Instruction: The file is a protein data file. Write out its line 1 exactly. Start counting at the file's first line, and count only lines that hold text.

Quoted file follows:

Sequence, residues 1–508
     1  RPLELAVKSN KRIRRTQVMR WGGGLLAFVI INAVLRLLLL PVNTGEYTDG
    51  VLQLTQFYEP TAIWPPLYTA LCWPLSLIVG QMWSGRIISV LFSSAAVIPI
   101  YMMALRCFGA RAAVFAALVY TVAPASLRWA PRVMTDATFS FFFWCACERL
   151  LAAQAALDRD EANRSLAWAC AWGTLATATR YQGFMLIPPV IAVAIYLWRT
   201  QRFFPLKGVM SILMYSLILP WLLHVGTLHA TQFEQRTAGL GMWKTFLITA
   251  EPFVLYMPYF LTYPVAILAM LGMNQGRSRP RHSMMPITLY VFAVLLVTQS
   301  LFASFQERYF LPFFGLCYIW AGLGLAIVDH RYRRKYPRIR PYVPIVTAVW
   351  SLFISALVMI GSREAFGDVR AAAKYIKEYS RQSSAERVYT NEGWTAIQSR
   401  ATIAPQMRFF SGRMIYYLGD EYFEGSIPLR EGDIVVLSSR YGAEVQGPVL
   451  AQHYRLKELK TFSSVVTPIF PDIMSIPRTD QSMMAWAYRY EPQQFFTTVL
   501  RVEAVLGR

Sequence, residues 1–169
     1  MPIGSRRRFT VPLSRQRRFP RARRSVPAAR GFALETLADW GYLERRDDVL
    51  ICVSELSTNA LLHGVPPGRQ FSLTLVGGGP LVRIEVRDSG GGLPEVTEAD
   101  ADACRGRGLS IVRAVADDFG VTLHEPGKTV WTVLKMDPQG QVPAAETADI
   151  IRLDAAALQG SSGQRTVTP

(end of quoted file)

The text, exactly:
Sequence, residues 1–508